Not just any wine, but the white from my father’s funeral. At the end of the bittersweet evening, hugs were exchanged and goodbyes said. Wine under one arm, flowers under the other, I made my way into the winter night.
The flowers lasted nearly two weeks. Since I am more of a red wine drinker, the wine held on into summer. Open but refrigerated, I wondered if it would turn (become vinegar). But I was not throwing it away.
Around that time I finished off a bottle of white wine vinegar and the idea hit. Why not “turn” the wine myself.
And so my first homemade vinegar was born. My father was a serious food lover and I like to think he would have approved.
Safety note: You should not use homemade vinegar to make pickles or other preserved foods because the acid levels may not be high enough to preserve safely. But they are awesome in salad dressings!
1. Put about a bottle of wine into a large clean jar. I use a gallon jar “sterilized” in the dishwasher.
Some people recommending diluting wine with (non-chlorinated) water on the theory that the alcohol can kill or slow down the vinegar-producing bacteria; others feel that diluting can negatively impact the flavor. I do not dilute when I make it. Some people like to use a jar with a spigot so they can dispense right from the bottle. Since I already have lots of gallon jars (that I use for everything), I decided to be efficient (and lazy and cheap) and use these.
2. Add about 1/2 cup of Bragg’s Apple Cider Vinegar (this contains the active bacteria that produce vinegar—kind of like yogurt) or a chunk of “mother” if you have it. The “mother” is a gelatinous mass that forms during the creation of vinegar which can be used to start new vinegar since it also contains the needed bacteria (more on this below).
Some people say you need to use a mother that is specific to your base (red wine, white wine, cider), but with my focus on easy preparation, this just sounds too hard (and unnecessary). I have recently had some problems with culturing using Bragg’s–if that doesn’t work, it may be “dead” so try asking around to see if you can find someone with some live “mother” to share. Anyone who regularly makes vinegar soon gets inundated.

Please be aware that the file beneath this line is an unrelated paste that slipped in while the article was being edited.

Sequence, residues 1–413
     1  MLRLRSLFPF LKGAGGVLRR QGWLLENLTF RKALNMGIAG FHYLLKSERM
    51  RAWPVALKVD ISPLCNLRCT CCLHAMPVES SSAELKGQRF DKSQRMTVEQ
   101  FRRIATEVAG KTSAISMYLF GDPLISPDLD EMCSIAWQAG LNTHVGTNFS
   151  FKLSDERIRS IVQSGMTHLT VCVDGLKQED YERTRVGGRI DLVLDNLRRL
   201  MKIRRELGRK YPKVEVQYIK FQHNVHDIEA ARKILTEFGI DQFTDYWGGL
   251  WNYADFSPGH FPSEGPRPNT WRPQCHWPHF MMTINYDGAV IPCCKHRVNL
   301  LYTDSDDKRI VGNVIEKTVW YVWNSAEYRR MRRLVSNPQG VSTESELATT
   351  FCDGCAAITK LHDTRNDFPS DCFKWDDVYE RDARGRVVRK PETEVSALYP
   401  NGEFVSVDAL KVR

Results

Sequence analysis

3. Cover jar with a cloth and secure tightly (dish towel and rubber band work great), then put in a warm dark place to “process”. A temperature that is warm but not hot is ideal, though in winter our house goes down to 58 at night and never above 68 and I still get vinegar.
4. Check periodically. After a few weeks, your vinegar will develop a “mother,” a slimy gel that sits on the surface. The “mother” is not pretty but this means it is working! If you grow mold (I have never grown mold on wine but have on cider), toss the mixture, sterilize your jar and start over.
Notes: If you jostle the vinegar too much, the “mother” will slide to the bottom and a new “mother” will form on top. I try to avoid this because it seems to reduce the amount of vinegar produced.
5. After a few months, you will have vinegar—the smell will give it away! I strain it though a mesh strainer, though cheesecloth or a coffee filter are other good choices to minimize sediment. You can use part of the mother to start a new batch (I composted the rest).
6. Store finished vinegar in the refrigerator to reduce the activity of the bacteria.
Even the strained, refrigerated vinegar may continue to produce a new mother. I like the idea that I am getting the “live” product, but if this becomes annoying, the vinegar can be heated to kill the bacteria and the mother should stop forming. (Just don’t try to use pasteurized vinegar to begin a new batch.)
Since my first vinegar success, it has become a habit. Get a bottle of wine that is less than stellar, make vinegar. Too many bottles opened for a party, make some more. Red wine vinegar, white wine vinegar… and hopefully the cider will work this time!
A nice winter project … If you can’t grow veggies, make vinegar!
Postscript on apple cider vinegar: After my second occurrence of mold growth while attempting to make apple cider vinegar, I decided the sugar content in cider is just too high to make this work and am now using a new method. I add only a small amount of cider to the starter vinegar–for example add 1/4 cup of apple cider to 1/2 cup of apple cider vinegar, wait two weeks, add a little more, wait two weeks, add more and so on. It’s a slow process but I have just completed a number of successful batches since changing techniques.